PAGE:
In Pictures | Oscars Special: Director Michael H. Profession
— February 25, 2013 —
In Pictures is a still and moving image gallery for significant works, events and places
Michael Haneke Michael Haneke’s Oscar acceptance speech last night was a characteristically terse affair. Winning the Best Foreign Film award for Amour, an uncompromising poem on the terrifying effects of old age, Austria’s foremost director thanked his cast and crew in his low Teutonic brogue, before giving a touching but quick tribute to his wife of 30 years. It is this unstarry, unflinching attitude that grounds Yves Montmayeur’s film tribute to the venerable director, entitled Michael H. Profession: Director, released on March 15. Haneke, who has a series of awards under his belt, remains unfazed by the accolades and intent on seeking out the terrible and the frightening in life.
"Haneke remains unfazed by the accolades and intent on seeking out the terrible and the frightening in life"
Famous for not divulging the themes and ideas behind his often ambiguous films – which include The Piano Teacher, Hidden and The White Ribbon, all of which have in any case been garlanded with multiple awards – Haneke instead asks searching questions about morality, the nature of suffering and our passive consumption of violence in pop culture. He has worked with some of the best actors around, including Isabelle Huppert, Juliette Binoche and Emmanuelle Riva (who won a BAFTA for her performance in Amour but lost out to Jennifer Lawrence in the category for Best Actress at the Oscars), all of them happy to extol his virtues in Montmayeur’s film. Is he a fun director? Well, it seems that he can share a joke but his working method is strict. That’s not to say he is detached; we see him running around his sets, acting out scenes for his actors to imitate, and getting fully immersed in his directing class at the Film Academy in Vienna, choosing classic Chekhov texts for his earnest pupils to act out. Will he be drawn on the subjects of his films? Right from the start, Montmayeur is given short shrift. Is he tempted by Hollywood? Not a jot, it seems, as he tells the story of being courted by a big studio into taking on a risible project, which needless to say he rejected. This auteur remains steadfastly wedded to his vision. Asked why he so often portrays suffering in his films, his answer is simple: “I am afraid of it.”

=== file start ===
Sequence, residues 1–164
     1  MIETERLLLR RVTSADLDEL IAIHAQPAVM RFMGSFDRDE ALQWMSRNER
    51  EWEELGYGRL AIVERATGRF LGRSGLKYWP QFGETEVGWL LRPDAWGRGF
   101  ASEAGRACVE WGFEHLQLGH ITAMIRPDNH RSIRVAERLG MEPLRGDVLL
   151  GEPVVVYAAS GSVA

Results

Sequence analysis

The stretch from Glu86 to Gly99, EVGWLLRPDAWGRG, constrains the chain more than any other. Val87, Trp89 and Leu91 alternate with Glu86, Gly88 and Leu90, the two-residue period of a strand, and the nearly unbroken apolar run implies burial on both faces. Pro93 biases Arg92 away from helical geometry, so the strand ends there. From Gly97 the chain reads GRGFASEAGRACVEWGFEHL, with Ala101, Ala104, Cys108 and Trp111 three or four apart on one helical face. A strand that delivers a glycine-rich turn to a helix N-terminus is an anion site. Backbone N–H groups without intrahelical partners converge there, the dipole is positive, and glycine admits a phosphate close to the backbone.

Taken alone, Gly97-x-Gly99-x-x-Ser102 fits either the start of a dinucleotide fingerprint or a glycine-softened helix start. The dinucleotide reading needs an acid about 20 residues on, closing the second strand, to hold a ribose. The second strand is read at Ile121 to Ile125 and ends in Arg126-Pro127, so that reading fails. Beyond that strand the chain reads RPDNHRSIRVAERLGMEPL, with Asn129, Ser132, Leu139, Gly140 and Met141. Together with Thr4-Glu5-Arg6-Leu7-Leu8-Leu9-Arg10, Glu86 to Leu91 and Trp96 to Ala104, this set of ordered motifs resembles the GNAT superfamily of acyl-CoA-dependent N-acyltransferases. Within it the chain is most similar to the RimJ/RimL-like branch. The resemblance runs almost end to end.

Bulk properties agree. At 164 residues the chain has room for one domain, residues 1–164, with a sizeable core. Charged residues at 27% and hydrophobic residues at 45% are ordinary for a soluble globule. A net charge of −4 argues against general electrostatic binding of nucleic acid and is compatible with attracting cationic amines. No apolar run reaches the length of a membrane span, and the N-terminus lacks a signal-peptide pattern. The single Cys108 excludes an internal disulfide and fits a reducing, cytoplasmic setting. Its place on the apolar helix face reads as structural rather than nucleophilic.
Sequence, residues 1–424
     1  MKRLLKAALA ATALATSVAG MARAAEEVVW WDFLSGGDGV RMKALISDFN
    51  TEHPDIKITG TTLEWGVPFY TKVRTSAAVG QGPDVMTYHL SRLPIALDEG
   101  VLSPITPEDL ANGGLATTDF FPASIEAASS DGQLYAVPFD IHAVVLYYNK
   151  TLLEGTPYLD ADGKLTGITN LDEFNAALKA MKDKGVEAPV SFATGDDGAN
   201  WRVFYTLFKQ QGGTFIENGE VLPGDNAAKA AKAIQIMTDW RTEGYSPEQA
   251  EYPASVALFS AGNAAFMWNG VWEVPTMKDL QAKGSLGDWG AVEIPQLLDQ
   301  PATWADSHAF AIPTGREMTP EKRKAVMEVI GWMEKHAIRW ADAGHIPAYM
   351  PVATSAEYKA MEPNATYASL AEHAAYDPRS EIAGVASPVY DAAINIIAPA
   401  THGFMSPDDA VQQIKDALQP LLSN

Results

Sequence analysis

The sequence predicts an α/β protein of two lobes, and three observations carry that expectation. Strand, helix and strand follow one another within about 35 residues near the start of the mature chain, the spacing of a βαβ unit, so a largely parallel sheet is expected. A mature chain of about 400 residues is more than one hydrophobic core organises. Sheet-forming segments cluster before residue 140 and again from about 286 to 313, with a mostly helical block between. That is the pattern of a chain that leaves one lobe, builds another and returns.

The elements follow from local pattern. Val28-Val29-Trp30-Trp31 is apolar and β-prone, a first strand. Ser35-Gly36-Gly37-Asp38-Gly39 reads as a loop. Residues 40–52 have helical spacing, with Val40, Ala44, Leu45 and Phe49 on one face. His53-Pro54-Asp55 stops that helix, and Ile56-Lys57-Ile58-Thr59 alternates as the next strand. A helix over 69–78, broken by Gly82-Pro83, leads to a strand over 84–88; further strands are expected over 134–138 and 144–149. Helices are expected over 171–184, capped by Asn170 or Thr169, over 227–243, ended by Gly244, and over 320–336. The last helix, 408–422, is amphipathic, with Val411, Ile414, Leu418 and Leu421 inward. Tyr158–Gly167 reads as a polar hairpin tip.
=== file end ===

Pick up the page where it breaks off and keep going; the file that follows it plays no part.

Michael H. Profession: Director is on limited UK release from March 15.
Text by Laura Allsop